One of the Most Beautiful Illustrated Books of the 16th Century

Colonna, Francesco (1433-1527)

Hypnerotomachie ou Discours du songe de Poliphile. Deduisant comme Amour le combat à l'occasion de Polia

Paris: [Jean Le Blanc] Pour Jaques Kerver à la Licorne, rue S. Jaques, 1561


Folio: 33.5 x 21.4 cm. Collation: a6, A-Z6, Aa-Bb6, Cc8


Bound in 16th c. French calfskin, rebacked, discreet repairs to corners, some minor scuffs and scrapes. The boards are ruled in blind, with small floral tools, gilt, at the angles, and a central cartouche, gilt, at the center of the boards. Additional blind-tooling was added at the time of rebacking. The contents are in fine condition with a little occ. light foxing, a couple of closed tears, trivial marginal soiling. Magnificently illustrated with 181 fine woodcut illustrations (13 of which are full page), elegant woodcut initials and ornaments, and a woodcut architectural title page border with satyrs and cherubs.

Provenance: 1. Gottlieb Paul Christ (1707-1786), diplomat and scholar, who served as castle librarian at Ansbach (ex-libris dated 1758 on the first pastedown, with long note: "Theophili Pauli Christii Coburgensis. Ex Bibliotheca Zochia, quae constituta auctione divendebatur Onoldibaci" and an entire page of handwritten annotations on the verso of the front free endpaper); 2. The Earls of Ilchester (Holland House bookplate - sold to Hodgson's on 13 May 1948, lot 469.)

Third and best French edition of Aldus Manutius’ celebrated “Hypnerotomachia Poliphili”, one of the most beautiful illustrated books produced in 16th century France, commissioned by Jacques Gohory (1520-1576), translated by Jean Martin (d. ca. 1553), and dedicated to Henri II de Lénoncourt, Comte de Nanteuil le Haudouin (d. ca. 1555). The identity of the artists who made the illustrations for this edition, which are designed after those of the original from 1499, is still debated, but Jean Goujon (ca. 1510- ca. 1569) and Jean Cousin (1490-1561) have been suggested. The design of the beautiful title, with its satyr herms, was recently attributed by Dominique Cordellier to Luca Penni.

In addition to the adaptations of the Aldine woodcuts, fourteen new illustrations of topiaries, formal gardens, and architectural details have been added. The woodcuts in the 1561 edition are the same as in the first French edition of 1546, with the exception of the architectural woodcut on the verso of the folio Bvi. The ornate woodcut capital letters form an acrostic that reads “Poliam frater Franciscvs Colvmna peramavit” (“Brother Francesco Colonna dearly loved Polia”).

The “Hypnerotomachia Poliphili”, or literally "Polifilo's Strife of Love in a Dream, published by Aldus Manutius at Venice in 1499, is one of the finest illustrated books ever produced. In 1546, a French translation, with woodcuts modelled on those in the original work, was published at Paris. This is the third edition of the French translation, considered the best of the three. The beauty of the work is enriched by fourteen additional woodcuts (of topiaries, gardens, and architectural elements), designed specifically for the French editions.

“The illustrations are held to be the apogee of French book illustration. They are without doubt technically superior to the originals: the lines are more supple in the outlines, faces, and clothes; the bodies are less stocky and chunky, more elongated and elegant; and there is more emphasis on corporeality thanks to the increased use of hatching. The representation of space reveals a complete mastery of perspective, which the Italian does not. In fact, the French adds twelve entirely new perspectival images of buildings and gardens that were presumably beyond the reach of the inferior Italian technician. Finally, the more rationalist Parisian edition contains two geometrical representations, one of a garden and the other a complex breakdown of a triumphal arch in terms of its proportional system, described in the text, which the Venetian forgoes.”(Liane Lefaivre)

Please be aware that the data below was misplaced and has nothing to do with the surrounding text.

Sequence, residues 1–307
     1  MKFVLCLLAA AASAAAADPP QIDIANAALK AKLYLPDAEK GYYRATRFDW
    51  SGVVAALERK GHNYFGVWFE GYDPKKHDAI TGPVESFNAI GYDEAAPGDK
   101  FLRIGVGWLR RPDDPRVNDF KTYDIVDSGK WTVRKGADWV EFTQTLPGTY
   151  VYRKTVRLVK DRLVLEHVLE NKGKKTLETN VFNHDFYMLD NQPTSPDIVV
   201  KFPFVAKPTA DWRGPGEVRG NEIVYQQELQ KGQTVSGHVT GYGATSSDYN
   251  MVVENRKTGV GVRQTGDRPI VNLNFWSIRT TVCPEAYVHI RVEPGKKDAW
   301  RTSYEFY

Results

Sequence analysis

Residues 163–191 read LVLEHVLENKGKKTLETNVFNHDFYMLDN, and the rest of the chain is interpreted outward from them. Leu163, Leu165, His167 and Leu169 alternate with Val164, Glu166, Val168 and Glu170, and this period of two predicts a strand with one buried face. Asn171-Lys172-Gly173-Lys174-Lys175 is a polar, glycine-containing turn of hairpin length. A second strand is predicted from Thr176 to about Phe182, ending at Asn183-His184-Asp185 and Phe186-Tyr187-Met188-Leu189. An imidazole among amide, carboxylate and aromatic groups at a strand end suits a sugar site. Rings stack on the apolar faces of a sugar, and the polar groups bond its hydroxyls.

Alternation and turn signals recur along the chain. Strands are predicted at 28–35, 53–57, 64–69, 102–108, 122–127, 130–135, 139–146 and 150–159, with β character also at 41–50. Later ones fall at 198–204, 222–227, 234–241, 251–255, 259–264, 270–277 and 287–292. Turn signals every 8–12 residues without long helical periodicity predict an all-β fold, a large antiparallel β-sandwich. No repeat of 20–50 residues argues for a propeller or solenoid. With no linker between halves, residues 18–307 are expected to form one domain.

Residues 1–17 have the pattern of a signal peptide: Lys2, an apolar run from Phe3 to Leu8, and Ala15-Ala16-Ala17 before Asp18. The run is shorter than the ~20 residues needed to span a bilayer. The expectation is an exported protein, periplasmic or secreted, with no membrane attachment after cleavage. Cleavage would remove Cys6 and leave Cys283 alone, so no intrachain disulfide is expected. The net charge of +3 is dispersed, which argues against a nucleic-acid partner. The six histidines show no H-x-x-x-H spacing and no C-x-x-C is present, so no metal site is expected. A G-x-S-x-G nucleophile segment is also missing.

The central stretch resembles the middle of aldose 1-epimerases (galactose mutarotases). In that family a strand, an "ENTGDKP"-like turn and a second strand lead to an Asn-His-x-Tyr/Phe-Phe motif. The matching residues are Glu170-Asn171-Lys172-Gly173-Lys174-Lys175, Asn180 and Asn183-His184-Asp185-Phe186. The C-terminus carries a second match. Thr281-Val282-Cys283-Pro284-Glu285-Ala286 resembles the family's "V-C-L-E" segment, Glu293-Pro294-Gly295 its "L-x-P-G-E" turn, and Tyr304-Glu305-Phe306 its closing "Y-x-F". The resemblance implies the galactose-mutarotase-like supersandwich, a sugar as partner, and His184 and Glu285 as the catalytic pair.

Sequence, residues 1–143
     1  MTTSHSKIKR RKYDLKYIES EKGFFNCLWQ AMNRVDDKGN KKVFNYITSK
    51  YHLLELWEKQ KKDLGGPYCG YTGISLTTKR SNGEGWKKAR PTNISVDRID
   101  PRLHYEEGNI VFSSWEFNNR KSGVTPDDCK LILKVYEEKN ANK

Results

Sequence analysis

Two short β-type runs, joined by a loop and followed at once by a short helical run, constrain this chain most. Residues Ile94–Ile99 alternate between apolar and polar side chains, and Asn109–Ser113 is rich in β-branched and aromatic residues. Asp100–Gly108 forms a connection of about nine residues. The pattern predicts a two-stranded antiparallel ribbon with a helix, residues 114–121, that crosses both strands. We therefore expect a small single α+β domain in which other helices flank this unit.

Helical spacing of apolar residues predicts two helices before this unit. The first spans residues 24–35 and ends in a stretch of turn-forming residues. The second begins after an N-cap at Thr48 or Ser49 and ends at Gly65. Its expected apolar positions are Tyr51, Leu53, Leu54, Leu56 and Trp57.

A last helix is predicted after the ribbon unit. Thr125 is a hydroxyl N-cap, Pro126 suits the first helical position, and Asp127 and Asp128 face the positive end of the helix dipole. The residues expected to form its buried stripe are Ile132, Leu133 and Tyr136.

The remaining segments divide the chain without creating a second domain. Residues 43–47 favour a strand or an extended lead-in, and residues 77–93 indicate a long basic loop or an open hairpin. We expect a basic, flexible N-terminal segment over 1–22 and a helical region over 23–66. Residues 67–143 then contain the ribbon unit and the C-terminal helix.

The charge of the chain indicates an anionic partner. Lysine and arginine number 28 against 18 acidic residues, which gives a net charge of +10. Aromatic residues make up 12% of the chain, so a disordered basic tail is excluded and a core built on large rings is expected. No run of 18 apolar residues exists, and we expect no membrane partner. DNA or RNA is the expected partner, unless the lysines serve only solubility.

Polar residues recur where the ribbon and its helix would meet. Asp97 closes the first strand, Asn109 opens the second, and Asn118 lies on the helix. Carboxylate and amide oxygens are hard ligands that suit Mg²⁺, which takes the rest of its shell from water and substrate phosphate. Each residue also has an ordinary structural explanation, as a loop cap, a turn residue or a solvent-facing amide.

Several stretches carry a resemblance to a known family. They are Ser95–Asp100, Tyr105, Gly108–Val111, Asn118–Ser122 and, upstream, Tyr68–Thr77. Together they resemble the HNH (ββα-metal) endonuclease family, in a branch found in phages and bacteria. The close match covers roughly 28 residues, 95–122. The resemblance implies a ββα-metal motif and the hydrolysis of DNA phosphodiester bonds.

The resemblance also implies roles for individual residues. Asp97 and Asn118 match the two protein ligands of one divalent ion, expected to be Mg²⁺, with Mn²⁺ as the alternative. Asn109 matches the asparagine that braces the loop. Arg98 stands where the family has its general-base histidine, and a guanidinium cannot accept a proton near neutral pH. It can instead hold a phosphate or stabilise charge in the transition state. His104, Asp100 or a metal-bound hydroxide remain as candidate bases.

The French text was prepared by Jean Martin, who would also produce translations of the great Italian architects Vitruvius, Alberti, and Serlio. The “Polifilo” may be considered part of that programme, appealing as it did to French interest in antiquity, architecture, and landscape gardening. Martin tells us that he has revised and polished a French translation of Colonna’s original, made by a virtuous gentleman, and given to him by a friend, whom we know to be Jacques Gohory (1520-1576). In Gohory’s own note to the reader, added to this edition, we learn that the “virtuous gentleman” was a member of the Knights of Malta.

Polifilo’s Dream:

“Polifilo's search for Polia unfolds as a series of challenges developed in a dream within a dream. After roaming on winding paths through a dark, terrifying wood, Polifilo- led on by an unearthly sound- arrives in a valley from which passage to another valley is blocked by a huge pyramid surmounted by an obelisk. In this spectacular but apparently harmless scenery, Polifilo sees wild yet peaceful animals as well as remnants of a former civilization such as a pyramid and, before it, fragments of an antique peristyle. Polifilo studies the building carefully, discovers that it is consecrated to Venus, Amor, and Cybele. Suddenly he finds himself attacked by a loathsome dragon, and he flees into the inside of the pyramid, which turns out to be a labyrinth. Finding himself for the second time on dark and winding paths, Polifilo believes that he is near death, but in the end he succeeds in finding an exit.